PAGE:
Final Word | February 2018 Hearing Review

I took the opportunity to visit the global technology event, the Consumer Electronics Show (CES), in early January of this year. I had attended a few years ago and was impressed with the sheer number of exhibits, and was similarly affected this year. There were in excess of 4,000 exhibiting companies and more than 170,000 attendees, with representation from more than 150 countries. A problem with having so much to see is that it is easy to get overwhelmed and distracted by so many “shiny objects.”  The major themes included robotics, connected and smart devices, cars, appliances, homes, and even toilets! Much of the focus was around artificial intelligence and voice activation of devices. Foreshadowing the future arrival of over-the-counter hearing aids were several headphone systems that incorporated self-test features and automatic “tuning” of the headphones, in an effort to compensate for any hearing loss.

As the last century drew to a close, there was concern about devices not knowing what to do when the date rolled over from the 1900s to the 2000s. Y2K became a huge concern that turned out to be overblown. There were costs to repair programming “bugs,” but no major failures when the 20th century became the 21st. That said, as technology expands in all directions, we should be thinking of the future and how things may change for hearing aids—and at the same time, recognize that some things will likely never change. Viewing the CES exhibits focused me on the future and made me wonder what we have to look forward to with hearing aids in the near future, say in 2020 (Y2.02K).

Artificial Intelligence: What may change? Machine learning may improve the performance of hearing devices with analyses based on the user’s unique acoustic environments and application of advanced algorithms. What will remain the same? The result will continue to be less improvement than we or the users would like.

Self-assessment of Hearing: What may change?  We could see the emergence of a self-assessment function in over-the-counter devices. Self-testing routines exist today, and, undeniably, have some value.  However, the transfer of data from self-assessment to an effectively programmed hearing aid is another matter. What will remain the same? There will continue to be potential hearing aid users who will need help in selecting, fitting, and adjusting hearing aids for satisfactory results.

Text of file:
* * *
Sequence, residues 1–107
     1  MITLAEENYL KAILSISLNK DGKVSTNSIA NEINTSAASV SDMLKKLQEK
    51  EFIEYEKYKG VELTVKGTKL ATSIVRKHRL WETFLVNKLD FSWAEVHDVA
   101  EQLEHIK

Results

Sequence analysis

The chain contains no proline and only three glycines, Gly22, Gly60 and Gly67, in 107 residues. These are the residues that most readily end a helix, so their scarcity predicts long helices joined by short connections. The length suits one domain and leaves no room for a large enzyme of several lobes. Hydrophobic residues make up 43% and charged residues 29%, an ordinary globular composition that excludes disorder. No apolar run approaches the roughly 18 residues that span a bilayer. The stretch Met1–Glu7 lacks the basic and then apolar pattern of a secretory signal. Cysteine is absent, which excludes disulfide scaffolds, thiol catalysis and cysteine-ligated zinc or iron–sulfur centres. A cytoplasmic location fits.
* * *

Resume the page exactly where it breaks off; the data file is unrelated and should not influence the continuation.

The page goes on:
Cerumen Occlusion of Devices: What may change?  Probably not much, since cerumen happens. What will remain the same?  There will continue to be hearing aid users who will not be able to properly clean their devices and who will experience interruption of service and will need help.

Batteries: Rechargeable batteries are an expectation simply because of familiarity with other common devices, such as mobile phones.  Most hearing aid manufacturers offer some version of rechargeability today, and there will undoubtedly be more options in the next couple of years. What may not change?  There will still be dead batteries, but for different reasons, such as forgetting to charge them.

Stigma: There is some encouraging data that suggest that the stigma of wearing hearing aids is not as bad as it was a decade or more ago.1 Familiarity with wearable technology has undoubtedly helped this trend. What may not change?  Old stereotypes persist. Age and hearing loss have an association, and stigma about age persists. There will still be stigma, unfortunately.

Convenience: The devices on display at the CES show are often about convenience. Inconvenience is a factor in hearing aid adoption or rejection. If something is inconvenient, even if we receive benefit, we may be less likely to use it. What may change? We may see some evolutionary changes in the convenience of hearing aid use in the near future. Rechargeable batteries represent a convenience. What may not change?  Hearing aids will still have some aspect of inconvenience.

The Final Word?  In our world of hearing aids, change is evolutionary, slowly moving to smaller, better, and more effective products.  I expect to see some beneficial changes by Y2.02K, but we will still be expecting and asking for more and better products. Why shouldn’t we?

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Rauterkus EP, Palmer CV. The hearing aid effect in 2013. J Am Acad Audiol. 2014;25(9)[October]:893-903.

Citation for this article: Van Vliet D. Notes from CES 2018: What lies ahead? Hearing Review. 2018;25(2):50.